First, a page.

2. The Lai Government’s Difficulty to Actively Promote Taiwan Independence
 
A political elite from a working-class background, Lai has been considered an icon of Taiwan independence. However, during the election campaign, Lai softened his rhetoric in order to obtain Taiwan’s centrist voters and allay U.S. concerns. Even after his inauguration in May, Lai Ching-te is unlikely to move toward formal Taiwan independence, given the U.S. position on the Taiwan issue, Taiwanese public opinion favoring maintaining the status quo, and the political reality of the opposition party holding a parliamentary majority. The DPP, which failed to win a majority of the vote, will likely refrain from pushing for Taiwan independence in the early days of its administration and instead focus on domestic issues and seek cooperation with the TPP to strengthen its domestic political foundation. At the same time, it will continue its “de-Chinaization” movement and strengthen ties with the U.S., in line with Tsai Ing-wen’s policies.

 
3. China’s Hostility Toward the DPP Increases Pressures on Taiwan
 
For the eight years that Tsai Ing-wen has been in power, Beijing has viewed the DPP as a separatist group and has cut off communication channels. Beijing had already made it clear that it would not engage in any dialog or negotiations with Lai Ching-te, so it is unlikely that cross-strait communication will be restored unless the Lai government makes a dramatic turnaround in its approach to bilateral relations.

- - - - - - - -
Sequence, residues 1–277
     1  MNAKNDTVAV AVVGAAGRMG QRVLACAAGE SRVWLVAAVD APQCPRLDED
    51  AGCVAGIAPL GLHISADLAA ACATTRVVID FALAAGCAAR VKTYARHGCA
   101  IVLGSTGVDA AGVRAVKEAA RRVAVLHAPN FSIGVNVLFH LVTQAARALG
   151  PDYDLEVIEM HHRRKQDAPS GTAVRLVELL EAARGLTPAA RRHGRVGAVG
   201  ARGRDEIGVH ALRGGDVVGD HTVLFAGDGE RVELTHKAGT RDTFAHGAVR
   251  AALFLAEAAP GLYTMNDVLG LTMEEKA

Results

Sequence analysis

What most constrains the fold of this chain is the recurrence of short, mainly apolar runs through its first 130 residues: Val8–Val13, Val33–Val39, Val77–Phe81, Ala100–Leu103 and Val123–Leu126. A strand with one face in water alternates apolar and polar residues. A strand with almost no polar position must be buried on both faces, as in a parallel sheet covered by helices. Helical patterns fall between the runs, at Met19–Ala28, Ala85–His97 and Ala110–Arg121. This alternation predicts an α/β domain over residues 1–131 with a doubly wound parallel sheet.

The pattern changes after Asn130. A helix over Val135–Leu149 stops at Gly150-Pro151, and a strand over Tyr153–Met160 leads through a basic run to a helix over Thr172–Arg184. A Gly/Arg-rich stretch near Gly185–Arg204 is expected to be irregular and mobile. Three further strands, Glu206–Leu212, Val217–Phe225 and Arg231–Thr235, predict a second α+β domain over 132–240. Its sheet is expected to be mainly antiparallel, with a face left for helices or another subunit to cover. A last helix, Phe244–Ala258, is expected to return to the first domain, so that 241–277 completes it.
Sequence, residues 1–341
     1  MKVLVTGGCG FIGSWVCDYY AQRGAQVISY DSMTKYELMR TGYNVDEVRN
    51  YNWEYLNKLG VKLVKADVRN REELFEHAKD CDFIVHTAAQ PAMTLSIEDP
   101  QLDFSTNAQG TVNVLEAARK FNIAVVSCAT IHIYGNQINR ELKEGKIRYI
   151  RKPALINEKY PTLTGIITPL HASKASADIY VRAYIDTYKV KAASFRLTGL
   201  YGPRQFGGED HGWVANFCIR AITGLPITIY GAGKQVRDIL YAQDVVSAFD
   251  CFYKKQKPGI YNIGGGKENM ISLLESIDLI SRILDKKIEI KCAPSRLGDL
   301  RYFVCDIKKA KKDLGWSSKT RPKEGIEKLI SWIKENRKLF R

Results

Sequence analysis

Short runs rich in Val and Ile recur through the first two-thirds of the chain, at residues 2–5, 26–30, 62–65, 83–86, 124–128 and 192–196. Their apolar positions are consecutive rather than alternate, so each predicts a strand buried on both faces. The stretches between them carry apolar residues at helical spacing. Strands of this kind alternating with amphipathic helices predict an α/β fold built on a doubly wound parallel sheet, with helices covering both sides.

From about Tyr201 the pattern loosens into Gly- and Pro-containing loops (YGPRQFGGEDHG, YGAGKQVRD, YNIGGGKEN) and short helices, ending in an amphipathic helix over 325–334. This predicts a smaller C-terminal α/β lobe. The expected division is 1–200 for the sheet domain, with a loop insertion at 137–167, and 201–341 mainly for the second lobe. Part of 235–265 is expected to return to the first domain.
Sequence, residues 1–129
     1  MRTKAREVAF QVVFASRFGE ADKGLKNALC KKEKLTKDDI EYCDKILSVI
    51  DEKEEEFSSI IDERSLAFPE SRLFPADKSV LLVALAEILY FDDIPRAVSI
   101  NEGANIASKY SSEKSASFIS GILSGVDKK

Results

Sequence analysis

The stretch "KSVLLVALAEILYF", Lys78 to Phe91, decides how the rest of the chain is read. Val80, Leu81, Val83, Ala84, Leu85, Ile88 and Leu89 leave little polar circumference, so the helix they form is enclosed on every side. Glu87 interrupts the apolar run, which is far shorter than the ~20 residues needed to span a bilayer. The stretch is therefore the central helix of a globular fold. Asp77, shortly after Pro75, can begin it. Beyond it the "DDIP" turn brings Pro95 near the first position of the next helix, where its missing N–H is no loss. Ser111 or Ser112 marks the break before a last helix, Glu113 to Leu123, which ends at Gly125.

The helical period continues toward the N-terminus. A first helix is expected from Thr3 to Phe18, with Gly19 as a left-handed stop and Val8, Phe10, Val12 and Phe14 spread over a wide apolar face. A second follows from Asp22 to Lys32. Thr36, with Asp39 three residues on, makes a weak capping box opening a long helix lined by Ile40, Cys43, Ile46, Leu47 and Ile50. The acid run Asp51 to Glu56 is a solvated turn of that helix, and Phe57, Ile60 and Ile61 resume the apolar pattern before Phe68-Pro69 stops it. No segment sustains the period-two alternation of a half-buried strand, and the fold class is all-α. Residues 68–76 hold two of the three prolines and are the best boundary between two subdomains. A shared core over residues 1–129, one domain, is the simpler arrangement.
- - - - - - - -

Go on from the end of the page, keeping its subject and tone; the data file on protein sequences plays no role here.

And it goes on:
China’s pressure on Taiwan has already begun. Two days after the election, the South Pacific island nation of Nauru declared a diplomatic break with Taiwan. It is worth noting that Beijing did not go through a wait-and-see period like it did under Chen Shui-bian or Tsai Ing-wen. This suggests that Beijing has already finished labeling Lai Ching-te and Vice-President elect Hsiao Bi-khim as “separatists” and has begun to apply pressure, leaving no room for compromise. At the same time, this swift pressure on Taiwan is also an act designed to secure the legitimacy of Xi Jinping’s rule and rally domestic support in the face of the economic crisis and the resulting social instability that China is facing. Therefore, China will likely increase pressure on Taiwan. Through the economic coercion of Taiwan and raising tensions in the Taiwan Strait based on extensive gray-zone tactics, Beijing will try to build an image of the DPP as the main culprit behind the deterioration of cross-strait relations.